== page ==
Live Video: Cahow Hatching Expected Soon

March 1, 2018

Several days ahead of schedule the egg in burrow #831 on Nonsuch Island from which the CahowCam has been live streaming for the past five nesting seasons is in the middle of the hatching process, the team at Nonsuch Island announced today.

During a routine nest check yesterday Chief Terrestrial Conservation Officer Jeremy Madeiros observed that the egg had “dimple cracks” half way round the large end of the egg with a very active chick inside.

They explained that based on this, if all goes well, the chick is expected to hatch anytime in the next 48 hrs which can be watched live via the webcam on

Cahowcam Bermuda March 1 2018

Jeremy Madeiros said, “The 2018 Cahow breeding season continues to provide surprises, with all indications pointing towards another record-breaking year. A new record number of 124 breeding pairs [those laying an egg, whether it hatches or not] has been confirmed, compared to 117 pairs in 2017.

“Normally, almost all eggs hatch in early to mid-March, with only a few early chicks hatching in late February, but as of 28th Feb this year, 16 chicks have already hatched, 5 of which are on Nonsuch island.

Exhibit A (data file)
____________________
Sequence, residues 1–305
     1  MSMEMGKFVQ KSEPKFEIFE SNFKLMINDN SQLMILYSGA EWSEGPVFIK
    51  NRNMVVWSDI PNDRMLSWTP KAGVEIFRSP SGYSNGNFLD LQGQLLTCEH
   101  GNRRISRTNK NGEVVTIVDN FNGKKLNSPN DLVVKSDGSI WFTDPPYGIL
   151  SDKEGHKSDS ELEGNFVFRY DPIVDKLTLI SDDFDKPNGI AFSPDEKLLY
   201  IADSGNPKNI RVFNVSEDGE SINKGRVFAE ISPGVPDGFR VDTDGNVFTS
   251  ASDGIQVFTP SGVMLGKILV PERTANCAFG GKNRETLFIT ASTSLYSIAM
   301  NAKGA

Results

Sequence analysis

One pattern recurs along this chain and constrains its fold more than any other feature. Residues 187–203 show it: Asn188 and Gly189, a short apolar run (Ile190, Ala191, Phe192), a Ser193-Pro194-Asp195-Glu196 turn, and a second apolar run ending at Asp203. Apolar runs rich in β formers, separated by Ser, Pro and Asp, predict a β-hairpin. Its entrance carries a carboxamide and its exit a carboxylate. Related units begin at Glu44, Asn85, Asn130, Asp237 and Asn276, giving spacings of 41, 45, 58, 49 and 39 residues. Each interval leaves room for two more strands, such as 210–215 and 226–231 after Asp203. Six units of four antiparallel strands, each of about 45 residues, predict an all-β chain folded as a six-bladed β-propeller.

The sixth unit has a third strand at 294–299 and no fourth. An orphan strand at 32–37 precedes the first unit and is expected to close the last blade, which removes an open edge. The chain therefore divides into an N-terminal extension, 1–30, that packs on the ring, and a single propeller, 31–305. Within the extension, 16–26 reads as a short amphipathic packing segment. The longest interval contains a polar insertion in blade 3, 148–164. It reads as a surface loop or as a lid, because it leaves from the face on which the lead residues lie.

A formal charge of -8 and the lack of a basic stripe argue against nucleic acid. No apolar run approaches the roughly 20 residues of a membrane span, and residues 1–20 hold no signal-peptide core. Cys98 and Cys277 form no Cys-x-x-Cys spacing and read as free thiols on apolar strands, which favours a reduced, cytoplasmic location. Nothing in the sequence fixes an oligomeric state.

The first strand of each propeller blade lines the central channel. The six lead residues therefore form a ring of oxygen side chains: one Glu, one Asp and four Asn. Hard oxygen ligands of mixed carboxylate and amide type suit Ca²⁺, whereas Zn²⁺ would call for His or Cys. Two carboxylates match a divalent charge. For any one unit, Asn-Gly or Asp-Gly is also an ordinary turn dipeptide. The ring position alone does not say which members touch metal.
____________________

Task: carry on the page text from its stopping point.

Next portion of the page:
“During a check of the “CahowCam” nest, R831 on Nonsuch yesterday, it was confirmed that the female adult [band no. E0212] was incubating the egg after taking over incubation duties from the male bird on the 19th February.

“It was also confirmed that the egg was in the early stages of hatching, with the chick actively moving in the egg and having produced a number of “dimple cracks” half-way around the large end of the egg. Once these cracks extend around the entire large end, the chick can then start working on kicking this out and hatching.

“This process can vary greatly in time, and hatching could be anything from minutes to a couple of days away.”

Live video stream courtesy of Cornell Lab Bird Cams Project & Nonsuch Island

Nonsuch Expeditions Team Leader J-P Rouja said, “We have just replaced the camera housing which had become scratched in the underground chamber and now have an even sharper image.

“The livestream is being watched in realtime via the CahowCam homepage by the general public and by the local and international schools that have been following us.

“Classrooms can stream the video through to their whiteboards and if timing works out as it has in past years, their students may be watching when the final hatching event occurs.

“Last season 600,000 viewers watched 8.5 million of video throughout the season which we expect to exceed this year through our collaboration with the Cornell Lab of Ornithology with whom we are now developing a K-12 curriculum.”

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Category: All, Environment, Videos